Throne of Eldraine is finally here, and with it comes a whole slew of new cards that people are hyped to brew around. Some of those cards have a brand new mechanic – Adventures! An Adventure is a special kind of instant or sorcery spell which is attached to a creature card. They work a lot like split cards, but there are a few differences. Let’s jump in:
Magic’s comprehensive rules refer to creature cards that have an Adventure spell on them as “adventurer cards,” so that is how I will refer to them here. Adventurer cards have a two-part frame, separating the card’s normal characteristics from the “alternative characteristics” of the Adventure. When an Adventure resolves, instead of going to the graveyard, its controller exiles it. While it’s exiled, that player may cast the adventurer card as a creature.
To cast an Adventure, a player simply casts the adventurer card and chooses to cast the Adventure instead of the creature. An adventurer card can be cast as an Adventure in any way the card can normally be cast, with one exception: If the card was exiled after resolving as an Adventure, it can only be cast from exile as a creature.
It’s a Creature, Unless it Isn’t
Adventurer cards are first and foremost creature cards. The Adventure that is printed on them is not a part of the creature’s text box (that’s just where the frame puts it); the “mini-card” Adventure represents “alternative characteristics” that the card could have, but only while being cast. That means the only time adventurer cards are Instant/Sorcery spells is when they are on the stack after their controller casts them as Adventures. When the Adventure is on the stack, it has the attributes of the Instant/Sorcery and none of its creature card attributes. This is very similar to how split cards handle being cast, although they are handled differently in other zones. For a detailed breakdown of how casting a split card works, see this article about how to cast a spell.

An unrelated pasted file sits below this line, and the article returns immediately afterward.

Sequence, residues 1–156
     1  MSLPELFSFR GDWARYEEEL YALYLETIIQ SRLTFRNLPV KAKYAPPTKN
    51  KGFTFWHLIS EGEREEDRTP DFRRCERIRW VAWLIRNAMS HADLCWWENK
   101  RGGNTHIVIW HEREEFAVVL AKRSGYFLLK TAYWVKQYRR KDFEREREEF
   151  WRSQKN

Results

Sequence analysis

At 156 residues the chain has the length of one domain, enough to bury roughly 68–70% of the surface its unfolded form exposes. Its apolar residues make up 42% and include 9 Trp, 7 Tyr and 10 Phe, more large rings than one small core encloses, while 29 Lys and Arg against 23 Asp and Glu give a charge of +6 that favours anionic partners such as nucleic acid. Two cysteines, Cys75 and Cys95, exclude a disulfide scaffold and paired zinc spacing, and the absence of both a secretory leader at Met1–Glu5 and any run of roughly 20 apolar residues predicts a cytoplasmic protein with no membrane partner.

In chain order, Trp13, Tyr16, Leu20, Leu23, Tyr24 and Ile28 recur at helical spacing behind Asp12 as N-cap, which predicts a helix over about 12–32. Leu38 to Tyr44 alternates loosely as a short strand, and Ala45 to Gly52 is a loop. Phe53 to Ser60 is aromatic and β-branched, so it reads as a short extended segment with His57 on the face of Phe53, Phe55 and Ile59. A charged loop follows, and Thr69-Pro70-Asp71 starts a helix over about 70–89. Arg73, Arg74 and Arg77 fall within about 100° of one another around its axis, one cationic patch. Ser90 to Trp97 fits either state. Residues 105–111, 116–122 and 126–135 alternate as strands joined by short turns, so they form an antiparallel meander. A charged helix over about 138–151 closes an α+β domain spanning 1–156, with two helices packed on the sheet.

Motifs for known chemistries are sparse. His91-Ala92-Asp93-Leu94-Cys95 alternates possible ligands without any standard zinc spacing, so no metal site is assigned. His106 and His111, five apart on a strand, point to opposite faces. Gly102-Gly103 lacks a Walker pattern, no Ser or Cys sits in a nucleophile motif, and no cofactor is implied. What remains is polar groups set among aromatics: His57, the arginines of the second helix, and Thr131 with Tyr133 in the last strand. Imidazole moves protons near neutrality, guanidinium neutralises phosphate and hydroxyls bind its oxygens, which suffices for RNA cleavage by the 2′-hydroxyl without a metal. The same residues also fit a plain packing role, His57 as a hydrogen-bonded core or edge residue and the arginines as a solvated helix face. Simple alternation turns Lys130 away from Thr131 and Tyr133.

Elsha of the Infinite allows us to play the top card of our library if it’s a noncreature, nonland card. Adventurer cards are creature cards, but when they’re on the stack as an Adventure they have only their alternative characteristics. That means Elsha will let us cast an adventurer card off the top of our library, as long as we cast the instant/sorcery and not the creature! We even get to exile it afterward, to cast the creature later.
Kess, Dissident Mage allows us to cast an instant or sorcery from the graveyard each turn. Just like with Elsha, this allows us to cast the Adventure part of an adventurer card from the graveyard! The rules don’t check if the card is legal to cast until it’s on the stack as an instant/sorcery, and by then it’s a legal spell so Kess lets it through. Plus, we get an additional bonus: when the Adventure resolves, the card is exiled instead of going to the graveyard. That means we can cast the creature again too, and if that goes to the graveyard Kess won’t exile it because the rules treat it as a different object than the Adventure spell we cast!
Muldrotha, the Gravetide allows us to play permanent cards from our graveyard. For the same reason that Kess does let us play Adventures, Muldrotha will only let us cast the adventurers as creatures. If we try to put one onto the stack as an instant/sorcery spell, Muldrotha will not allow it to be cast.
It is important to remember that adventurer cards are not instant/sorcery cards unless they are currently being cast. For example, if we cast Call to Mind, we can’t return an adventurer card to hand because it is a creature. Similarly, if we have adventurer cards in the graveyard or in exile, cards like Beacon Bolt and Crackling Drake will not count them.
When an Adventure spell is copied (like with Lucky Clover), the copy only has the alternative values that were used to cast the Adventure. That means the copy won’t go to exile and become a creature card when it resolves; it simply ceases to exist.
The fact that a creature has an Adventure is a copiable value, but there is currently only one card for which that is relevant: Mysterious Pathlighter will put a +1/+1 counter on a Clone or similar card, as long as it’s copying an adventurer card.
Congratulations! You’re an expert on the new Adventure mechanic. If you have any other questions, or if we’ve inspired you in some way, let us know in the comments or on Twitter! Thanks for reading, and tune in next time when I’m going to use Thousand-Year Storm and Mastermind’s Acquisition to get seven Seven Dwarves from my sideboard!